Draft 4.5 ft.
The folkboat sailed off the design table in the early 1940's as the product of a design competition in Sweden. The resulting "volkboat", or people's boat, was a combination of the four entries. To its credit, or despite it, this design by committee process produced a boat that has endured the tests of time as a favorite among wooden-boat owners.
The idea behind the folkboat was to build a relatively inexpensive, tough little boat for small families. When Swedish designer Tord Sunden offered his modified folkboat, King's Cruiser, its popularity brought it national prominence as one of the most popular one-design auxillary class racer-cruisers in the United States.
Debuting in 1955 at New York Motor Boat Show, it cost $8,190. To many sailing enthusiasts attending the show, it was the best new entry. By the mid 1960's some 250 of the 300 Swedish built King's Cruisers were exported to the United States. Fleets grew across the country from Long Island Sound and Chesapeake Bay to San Fransisco Bay. In the Great Lakes the boat became popular, in part, for its seaworthy reputation. By 1968 chicago enjoyed a fleet in excess of 30 boats.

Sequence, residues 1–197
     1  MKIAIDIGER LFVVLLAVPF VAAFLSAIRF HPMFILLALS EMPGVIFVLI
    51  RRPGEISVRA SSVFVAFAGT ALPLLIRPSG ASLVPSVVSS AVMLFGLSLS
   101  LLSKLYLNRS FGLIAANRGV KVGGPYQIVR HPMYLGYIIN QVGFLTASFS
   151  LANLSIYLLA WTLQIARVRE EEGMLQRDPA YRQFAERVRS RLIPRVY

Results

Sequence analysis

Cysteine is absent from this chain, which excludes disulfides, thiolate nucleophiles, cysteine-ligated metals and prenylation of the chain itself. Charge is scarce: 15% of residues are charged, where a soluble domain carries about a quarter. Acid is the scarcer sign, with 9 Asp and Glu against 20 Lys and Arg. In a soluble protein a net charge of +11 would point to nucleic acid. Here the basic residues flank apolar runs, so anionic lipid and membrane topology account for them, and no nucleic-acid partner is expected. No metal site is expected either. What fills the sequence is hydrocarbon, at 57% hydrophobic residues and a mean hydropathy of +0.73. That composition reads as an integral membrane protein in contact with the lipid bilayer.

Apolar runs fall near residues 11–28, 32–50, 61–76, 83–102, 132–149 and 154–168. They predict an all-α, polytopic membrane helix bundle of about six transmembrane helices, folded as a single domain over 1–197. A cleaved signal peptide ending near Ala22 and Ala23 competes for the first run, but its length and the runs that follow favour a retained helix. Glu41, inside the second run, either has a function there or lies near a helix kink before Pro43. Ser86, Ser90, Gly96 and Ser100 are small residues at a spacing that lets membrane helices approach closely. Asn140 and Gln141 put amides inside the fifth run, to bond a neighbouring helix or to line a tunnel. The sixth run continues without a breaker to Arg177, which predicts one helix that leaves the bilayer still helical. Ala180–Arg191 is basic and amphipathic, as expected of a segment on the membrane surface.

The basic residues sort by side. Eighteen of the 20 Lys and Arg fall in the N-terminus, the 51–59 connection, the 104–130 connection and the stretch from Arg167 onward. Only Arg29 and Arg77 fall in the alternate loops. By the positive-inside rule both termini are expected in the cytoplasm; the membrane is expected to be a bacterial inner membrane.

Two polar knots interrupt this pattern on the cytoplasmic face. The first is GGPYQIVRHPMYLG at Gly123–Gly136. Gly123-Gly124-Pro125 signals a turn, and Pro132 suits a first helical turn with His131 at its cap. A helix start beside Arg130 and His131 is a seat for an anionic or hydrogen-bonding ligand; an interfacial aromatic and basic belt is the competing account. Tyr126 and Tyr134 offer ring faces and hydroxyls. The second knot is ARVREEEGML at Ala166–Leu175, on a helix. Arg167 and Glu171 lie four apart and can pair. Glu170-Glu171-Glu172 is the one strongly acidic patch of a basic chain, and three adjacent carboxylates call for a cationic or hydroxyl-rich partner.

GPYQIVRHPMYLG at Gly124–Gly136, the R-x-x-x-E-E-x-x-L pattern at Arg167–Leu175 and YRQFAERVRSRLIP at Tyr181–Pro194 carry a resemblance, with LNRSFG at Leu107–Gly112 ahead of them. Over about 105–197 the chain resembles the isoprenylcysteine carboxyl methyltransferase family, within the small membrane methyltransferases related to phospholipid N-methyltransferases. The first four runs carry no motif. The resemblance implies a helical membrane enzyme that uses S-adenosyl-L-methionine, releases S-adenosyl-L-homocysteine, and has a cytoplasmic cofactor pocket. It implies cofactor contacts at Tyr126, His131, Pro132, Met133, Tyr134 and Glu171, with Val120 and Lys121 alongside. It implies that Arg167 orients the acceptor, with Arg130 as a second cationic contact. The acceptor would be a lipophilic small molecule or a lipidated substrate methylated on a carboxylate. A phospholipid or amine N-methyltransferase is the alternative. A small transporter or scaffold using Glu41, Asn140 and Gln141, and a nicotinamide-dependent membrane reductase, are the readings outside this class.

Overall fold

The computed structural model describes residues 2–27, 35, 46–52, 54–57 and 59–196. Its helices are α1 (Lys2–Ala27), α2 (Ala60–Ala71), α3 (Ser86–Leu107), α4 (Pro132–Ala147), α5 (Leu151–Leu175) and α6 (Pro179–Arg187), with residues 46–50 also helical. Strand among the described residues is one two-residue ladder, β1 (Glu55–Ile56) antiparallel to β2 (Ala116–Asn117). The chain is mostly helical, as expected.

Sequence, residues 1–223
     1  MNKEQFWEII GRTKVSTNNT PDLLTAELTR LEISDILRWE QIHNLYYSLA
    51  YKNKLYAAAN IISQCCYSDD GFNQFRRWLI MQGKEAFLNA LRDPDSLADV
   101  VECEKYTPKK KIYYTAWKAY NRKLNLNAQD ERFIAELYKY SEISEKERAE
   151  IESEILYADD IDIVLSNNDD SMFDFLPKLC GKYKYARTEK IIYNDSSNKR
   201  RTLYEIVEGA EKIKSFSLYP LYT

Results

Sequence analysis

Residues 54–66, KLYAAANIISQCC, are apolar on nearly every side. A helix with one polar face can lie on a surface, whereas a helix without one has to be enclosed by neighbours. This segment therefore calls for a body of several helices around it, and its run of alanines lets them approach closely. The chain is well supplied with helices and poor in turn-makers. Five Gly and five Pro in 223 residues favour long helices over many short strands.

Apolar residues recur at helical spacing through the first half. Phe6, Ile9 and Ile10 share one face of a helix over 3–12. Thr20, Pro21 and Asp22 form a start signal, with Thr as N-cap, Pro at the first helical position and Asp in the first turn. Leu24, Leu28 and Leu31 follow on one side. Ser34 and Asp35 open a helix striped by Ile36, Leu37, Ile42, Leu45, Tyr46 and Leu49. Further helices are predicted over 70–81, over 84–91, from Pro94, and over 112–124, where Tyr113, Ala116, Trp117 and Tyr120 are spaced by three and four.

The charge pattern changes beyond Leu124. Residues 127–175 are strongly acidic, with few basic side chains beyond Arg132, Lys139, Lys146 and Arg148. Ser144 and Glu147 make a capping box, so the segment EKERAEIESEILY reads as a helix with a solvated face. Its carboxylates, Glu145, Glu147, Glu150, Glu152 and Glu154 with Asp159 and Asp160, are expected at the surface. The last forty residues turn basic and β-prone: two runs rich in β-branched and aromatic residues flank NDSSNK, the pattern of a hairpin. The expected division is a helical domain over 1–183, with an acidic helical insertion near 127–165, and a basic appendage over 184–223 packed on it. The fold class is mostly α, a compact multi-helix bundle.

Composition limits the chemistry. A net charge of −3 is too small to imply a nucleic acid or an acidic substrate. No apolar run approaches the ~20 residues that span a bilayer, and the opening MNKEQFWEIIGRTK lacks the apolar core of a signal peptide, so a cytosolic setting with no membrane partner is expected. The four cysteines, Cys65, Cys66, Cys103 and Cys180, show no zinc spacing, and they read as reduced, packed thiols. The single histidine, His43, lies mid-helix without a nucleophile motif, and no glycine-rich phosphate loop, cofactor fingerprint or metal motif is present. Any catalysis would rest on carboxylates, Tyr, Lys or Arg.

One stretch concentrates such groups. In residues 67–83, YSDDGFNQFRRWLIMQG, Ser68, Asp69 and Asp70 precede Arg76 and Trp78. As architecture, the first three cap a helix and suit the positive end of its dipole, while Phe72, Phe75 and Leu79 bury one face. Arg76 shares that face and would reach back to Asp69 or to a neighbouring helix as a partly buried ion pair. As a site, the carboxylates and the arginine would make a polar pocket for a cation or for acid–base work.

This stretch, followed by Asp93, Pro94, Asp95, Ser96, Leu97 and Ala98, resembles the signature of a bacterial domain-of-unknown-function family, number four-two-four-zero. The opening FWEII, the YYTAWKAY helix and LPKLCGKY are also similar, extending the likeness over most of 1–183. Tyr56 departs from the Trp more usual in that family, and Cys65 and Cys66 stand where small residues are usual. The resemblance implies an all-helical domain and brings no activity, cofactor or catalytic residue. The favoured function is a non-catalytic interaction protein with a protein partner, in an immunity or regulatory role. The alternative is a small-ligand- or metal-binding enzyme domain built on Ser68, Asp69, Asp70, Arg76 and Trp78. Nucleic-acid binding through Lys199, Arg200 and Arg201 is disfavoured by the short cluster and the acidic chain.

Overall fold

European builders made about 1,000 folkboats in all. It was said that many shipwrights of the day broke in ther first set of tools building a folkboat.
As a testament to the reliability of these little boats, in 1960, aboard the 26-foot modified folkboat, Jester, Colonel "Blondie" Hassier sailed alone from Plymouth, England to Newport, R.I. in the first trans-Atlantic, single-handed race.
African mahogany over oak frames; built: Sweden